Several days ago, I saw a question online, which is very interesting. The question states that:

What was the worst interview experience you ever had before?

No doubt, when it comes to computer science related fields / jobs, “Weird” questions are usually the ones people dislike the most because they don’t necessarily indicate one’s capability of engineering. And therefore, I saw such a story:

I went to interview with a tech company, which is fairly large. The first several round I talked to the product manager, the tech people, and it went well for me. They said that my tech base is fairly solid and it shouldn’t be much of a problem for me in the last round with the HR, and here comes the problem.

I interviewed with the HR, and the HR gave me several questions, the first one was “To cut a cake and distribute to 8 people, but need one cake to be remained in the plate, how to?” and the second one was “There are 10 apples in the basket. One apple has a different weight. You can weigh them 3 times.”

Obviously, I wasn’t able to give the answers. And therefore I failed the interview. What dumb question these are!

I don’t want to talk too much about the questions themselves, but I found the second question very interesting. Let’s analyze it.

First Thought

First of all, it is obvious that if we weigh every pair of apple, it would be very easy to give the answer. However this would require 45 times of comparison, which is not good at all. What if we don’t weight them in pairs? What if we weight them by group, say, a group of 4 compared to another group of 4?

That seems to be a good starting point. But how can we group them?

Let’s say we divide and conquer. we devide them into groups of equal numbers, like 5 to 5. In this case, the information we have here would be:


which requires at most 4 times to compare, not good enough. So how can we improve it? Well, thinking of the situation that an apple could be:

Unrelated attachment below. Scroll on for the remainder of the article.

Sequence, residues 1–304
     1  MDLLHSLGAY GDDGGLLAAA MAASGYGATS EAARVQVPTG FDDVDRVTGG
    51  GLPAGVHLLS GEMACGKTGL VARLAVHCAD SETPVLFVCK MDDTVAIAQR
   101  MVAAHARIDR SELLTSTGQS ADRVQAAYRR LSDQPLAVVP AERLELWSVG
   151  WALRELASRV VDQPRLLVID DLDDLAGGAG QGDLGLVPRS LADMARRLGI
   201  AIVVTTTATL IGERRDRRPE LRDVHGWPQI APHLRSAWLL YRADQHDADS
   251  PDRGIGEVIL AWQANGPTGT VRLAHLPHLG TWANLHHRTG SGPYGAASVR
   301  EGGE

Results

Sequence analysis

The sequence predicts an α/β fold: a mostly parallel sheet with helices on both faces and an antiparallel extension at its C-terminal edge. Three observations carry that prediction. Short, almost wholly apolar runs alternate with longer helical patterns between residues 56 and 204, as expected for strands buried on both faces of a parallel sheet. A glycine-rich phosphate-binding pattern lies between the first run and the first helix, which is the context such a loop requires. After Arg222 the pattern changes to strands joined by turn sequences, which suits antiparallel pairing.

1. Heavier than others
  2. Lighter than others
  3. Has the same weight

It is obvious that we could use 3 as the base, if we do the weighing correctly, and it becomes:


Which requires at most 3 times of comparison. So that is the way we are going for. There is no 4th situation, so the base can be no larger than 3.

So here is our first idea: to separate the apples into 3 groups and compare them.

Next step

Since we have 10 apples, we cannot really separate them into 3 groups of equal number. What do we do? Well, we can try 3-3-3-1. Since the one apple could be either heavier or lighter, we need to first: find which group the apple is in and then decide: the apple is heavier or lighter. These will take two steps, as summarized below:

  1. Separate the apple into 3 groups: 3, 3, 3 and 1 extra one. We call the group with the “abnormal” apple the “problematic” group.
  2. Compare the first 3 apple group and the second 3 apple group. There could be two outcomes, the first one being they have equal weight, and the second one being they have different weights. For the first situation, go to the 3rd instruction. For the second situation, go to the 4th instruction. It takes one comparison in this step.
  3. Compare either the first apple group or the seond apple group to the third apple group. If they still have the same weight, the extra apple is the problematic one. Otherwise, you can tell if the problematic apple is heavier or lighter by noting if the third group is heavier or lighter. Then go to instruction 5. This step takes one comparison.
  4. Compare either the first apple group or the second apple group with the third one. It this case, you already know that the first group and second group have different weights, and you know which one is heavier. Let’s call the group you chose as A and the other group B, while the third one C. When taking one of them to compare to the third group, you already know A != B. It’s either A > B or A < B. If you have now A = C, that means B is the problematic group and you can deduce whether the problematic apple is heavier or lighter by knowing A > B or A < B. If you have now A != C, then A is the problematic group, and you can also deduce if the problematic apple is heavier or lighter. Let’s denote the problematic group with its property, i.e. heavier or lighter in this step. This step takes one comparison. Go to instruction 5.
  5. Now you have the problematic group, and you know if the problematic apple is heavier or larger. We randomly pick two apples from the group. If they have the same weight, the rest is the problematic one. If they don’t, you should choose the heavier one or lighter one according to your prior knowledge, i.e. the problematic apple is heavier or lighter. This step takes one comparison.

So the idea is actually quite simple. Divide into 3, and you will need either once or twice comparison for this step. The amortized number of overall comparison needed is 3.